"Let books be your dining table, / And you shall be full of delights. / Let them be your
And you shall sleep restful nights" (St. Ephraim the Syrian).

Saturday, August 22, 2020

Imperial Violence in and for Christian Constantinople

I have previously and recently spoken of some of the things I learned from the late Byzantine historian Robert Taft, not least at a conference together in 2011. At that gathering, I recall him very firmly underscoring the fact that when given the opportunity, each and every Christian group or church throughout history has abused its power to enforce its views on other Christians, from the imperial violence against so-called non-Chalcedonians in Egypt, Syria, or Armenia, to Henry VIII in England, to Catholics against Jews in Italy, and so on down the line. "Nobody has clean hands," Taft underscored very bluntly.

Along comes a new book to remind us of this, and its focus on Constantinople, when we are today seeing Christian temples there being turned into mosques again, makes Rebecca Stephens Falcasantos' Constantinople: Ritual, Violence, and Memory in the Making of a Christian Imperial Capital (University of California Press, 2020, 238pp.) very timely indeed. About this book the publisher tells us this:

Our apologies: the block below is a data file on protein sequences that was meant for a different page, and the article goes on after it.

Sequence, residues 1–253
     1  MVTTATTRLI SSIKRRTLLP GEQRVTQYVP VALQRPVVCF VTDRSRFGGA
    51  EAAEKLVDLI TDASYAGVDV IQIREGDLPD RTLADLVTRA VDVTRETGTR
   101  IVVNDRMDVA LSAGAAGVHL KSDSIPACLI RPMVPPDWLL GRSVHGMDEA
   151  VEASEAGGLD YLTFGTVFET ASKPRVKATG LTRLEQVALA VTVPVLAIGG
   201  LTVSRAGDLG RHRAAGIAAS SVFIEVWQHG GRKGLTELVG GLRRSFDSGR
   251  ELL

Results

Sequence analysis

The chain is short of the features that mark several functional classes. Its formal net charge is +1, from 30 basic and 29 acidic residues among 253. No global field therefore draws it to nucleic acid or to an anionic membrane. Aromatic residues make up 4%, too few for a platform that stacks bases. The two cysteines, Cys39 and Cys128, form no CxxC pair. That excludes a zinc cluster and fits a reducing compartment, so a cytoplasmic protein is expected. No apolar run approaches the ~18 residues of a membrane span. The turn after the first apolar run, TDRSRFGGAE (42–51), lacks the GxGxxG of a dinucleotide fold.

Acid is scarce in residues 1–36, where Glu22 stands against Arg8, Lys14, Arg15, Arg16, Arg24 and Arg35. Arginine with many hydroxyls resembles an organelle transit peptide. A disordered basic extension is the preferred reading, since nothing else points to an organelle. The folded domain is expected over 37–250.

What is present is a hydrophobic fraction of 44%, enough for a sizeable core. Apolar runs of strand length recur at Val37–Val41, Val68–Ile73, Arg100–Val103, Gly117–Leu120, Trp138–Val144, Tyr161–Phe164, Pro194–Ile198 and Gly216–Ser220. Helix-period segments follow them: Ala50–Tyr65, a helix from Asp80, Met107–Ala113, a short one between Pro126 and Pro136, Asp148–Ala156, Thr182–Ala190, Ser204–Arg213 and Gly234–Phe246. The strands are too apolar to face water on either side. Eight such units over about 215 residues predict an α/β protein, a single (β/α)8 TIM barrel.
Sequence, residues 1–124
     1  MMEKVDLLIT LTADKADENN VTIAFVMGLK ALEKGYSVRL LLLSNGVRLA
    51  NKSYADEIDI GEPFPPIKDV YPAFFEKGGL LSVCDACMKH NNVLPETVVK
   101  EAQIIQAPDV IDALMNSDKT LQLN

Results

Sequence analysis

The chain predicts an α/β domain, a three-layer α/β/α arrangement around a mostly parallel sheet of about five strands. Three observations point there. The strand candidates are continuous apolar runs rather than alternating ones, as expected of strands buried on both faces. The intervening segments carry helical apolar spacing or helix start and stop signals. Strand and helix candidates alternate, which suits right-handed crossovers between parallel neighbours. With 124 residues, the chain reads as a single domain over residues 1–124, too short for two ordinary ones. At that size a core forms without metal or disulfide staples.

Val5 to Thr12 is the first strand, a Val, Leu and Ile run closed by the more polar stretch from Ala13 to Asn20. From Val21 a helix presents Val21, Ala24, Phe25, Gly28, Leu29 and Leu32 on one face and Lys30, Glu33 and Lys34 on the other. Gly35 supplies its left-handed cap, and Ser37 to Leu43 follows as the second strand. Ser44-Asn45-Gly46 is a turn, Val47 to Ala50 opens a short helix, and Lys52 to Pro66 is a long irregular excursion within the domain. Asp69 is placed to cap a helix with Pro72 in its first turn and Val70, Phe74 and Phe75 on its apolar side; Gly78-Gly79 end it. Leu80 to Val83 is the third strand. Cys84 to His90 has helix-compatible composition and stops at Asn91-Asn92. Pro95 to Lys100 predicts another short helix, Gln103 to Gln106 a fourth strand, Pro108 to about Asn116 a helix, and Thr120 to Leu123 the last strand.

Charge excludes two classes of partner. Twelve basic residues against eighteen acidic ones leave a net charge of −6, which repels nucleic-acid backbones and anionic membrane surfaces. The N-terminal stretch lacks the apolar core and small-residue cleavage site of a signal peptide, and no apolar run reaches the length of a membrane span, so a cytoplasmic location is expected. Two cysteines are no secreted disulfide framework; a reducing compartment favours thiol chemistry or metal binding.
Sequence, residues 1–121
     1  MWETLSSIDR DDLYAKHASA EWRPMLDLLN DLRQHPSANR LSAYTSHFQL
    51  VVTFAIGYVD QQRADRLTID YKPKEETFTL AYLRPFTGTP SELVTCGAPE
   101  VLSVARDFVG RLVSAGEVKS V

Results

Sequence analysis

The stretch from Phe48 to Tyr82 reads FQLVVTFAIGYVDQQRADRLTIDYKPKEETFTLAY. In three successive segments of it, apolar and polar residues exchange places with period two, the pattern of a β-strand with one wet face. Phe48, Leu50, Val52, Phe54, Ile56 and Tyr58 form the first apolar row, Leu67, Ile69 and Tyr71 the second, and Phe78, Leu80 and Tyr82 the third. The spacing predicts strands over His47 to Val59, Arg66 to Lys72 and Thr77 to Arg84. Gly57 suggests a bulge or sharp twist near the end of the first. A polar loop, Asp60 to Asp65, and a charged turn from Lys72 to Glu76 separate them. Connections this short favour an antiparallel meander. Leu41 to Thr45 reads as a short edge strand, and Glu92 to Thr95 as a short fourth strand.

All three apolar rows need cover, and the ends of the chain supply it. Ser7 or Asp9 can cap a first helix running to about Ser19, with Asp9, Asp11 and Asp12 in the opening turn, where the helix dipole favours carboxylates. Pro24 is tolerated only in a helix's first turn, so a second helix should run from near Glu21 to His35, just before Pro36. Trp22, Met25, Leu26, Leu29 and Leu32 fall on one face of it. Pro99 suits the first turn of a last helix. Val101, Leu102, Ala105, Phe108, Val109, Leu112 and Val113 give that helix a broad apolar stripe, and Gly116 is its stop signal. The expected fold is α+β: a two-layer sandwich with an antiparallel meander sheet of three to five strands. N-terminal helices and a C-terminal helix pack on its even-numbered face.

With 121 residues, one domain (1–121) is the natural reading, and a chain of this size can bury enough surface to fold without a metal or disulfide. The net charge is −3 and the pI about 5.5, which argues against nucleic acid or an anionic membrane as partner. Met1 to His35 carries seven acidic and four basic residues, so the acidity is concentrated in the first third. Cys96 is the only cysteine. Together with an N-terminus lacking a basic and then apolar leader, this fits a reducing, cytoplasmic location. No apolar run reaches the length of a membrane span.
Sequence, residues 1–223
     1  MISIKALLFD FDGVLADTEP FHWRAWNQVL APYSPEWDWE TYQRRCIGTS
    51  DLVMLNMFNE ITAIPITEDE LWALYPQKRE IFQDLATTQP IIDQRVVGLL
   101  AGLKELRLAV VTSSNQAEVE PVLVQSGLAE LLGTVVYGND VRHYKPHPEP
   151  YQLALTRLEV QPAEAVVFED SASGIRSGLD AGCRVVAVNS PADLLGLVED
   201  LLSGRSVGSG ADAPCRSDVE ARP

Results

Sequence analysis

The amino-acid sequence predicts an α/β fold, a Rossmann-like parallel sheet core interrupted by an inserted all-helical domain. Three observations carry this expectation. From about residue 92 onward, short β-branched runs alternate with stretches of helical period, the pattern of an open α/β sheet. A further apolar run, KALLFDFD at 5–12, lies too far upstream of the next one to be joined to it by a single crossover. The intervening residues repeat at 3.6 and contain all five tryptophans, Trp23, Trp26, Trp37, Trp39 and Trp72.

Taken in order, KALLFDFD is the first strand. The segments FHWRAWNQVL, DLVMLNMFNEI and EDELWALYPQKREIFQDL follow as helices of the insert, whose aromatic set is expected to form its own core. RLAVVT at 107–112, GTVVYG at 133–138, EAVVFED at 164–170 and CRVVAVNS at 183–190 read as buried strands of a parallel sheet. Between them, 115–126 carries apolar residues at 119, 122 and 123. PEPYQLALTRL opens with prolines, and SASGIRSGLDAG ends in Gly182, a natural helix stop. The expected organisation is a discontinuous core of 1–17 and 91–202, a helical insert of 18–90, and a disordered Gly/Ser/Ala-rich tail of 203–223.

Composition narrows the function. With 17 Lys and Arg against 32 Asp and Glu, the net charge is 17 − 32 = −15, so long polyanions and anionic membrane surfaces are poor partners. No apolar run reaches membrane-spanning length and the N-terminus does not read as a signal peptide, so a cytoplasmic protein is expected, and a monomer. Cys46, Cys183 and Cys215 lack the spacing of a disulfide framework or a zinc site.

As Christian spaces and agents assumed prominent positions in civic life, the end of the long span of the fourth century was marked by large-scale religious change. Churches had overtaken once-thriving pagan temples, old civic priesthoods were replaced by prominent bishops, and the rituals of the city were directed toward the Christian God. Such changes were particularly pronounced in the newly established city of Constantinople, where elites from various groups contended to control civic and imperial religion.
Rebecca Stephens Falcasantos argues that imperial Christianity was in fact a manifestation of traditional Roman religious structures. In particular, she explores how deeply established habits of ritual engagement in shared social spaces—ones that resonated with imperial ideology and appealed to the memories of previous generations—constructed meaning to create a new imperial religious identity. By examining three dynamics—ritual performance, rhetoric around violence, and the preservation and curation of civic memory—she distinguishes the role of Christian practice in transforming the civic and cultic landscapes of the late antique polis.

No comments:

Post a Comment

Anonymous comments are never approved. Use your real name and say something intelligent.

Note: Only a member of this blog may post a comment.

Related Posts Plugin for WordPress, Blogger...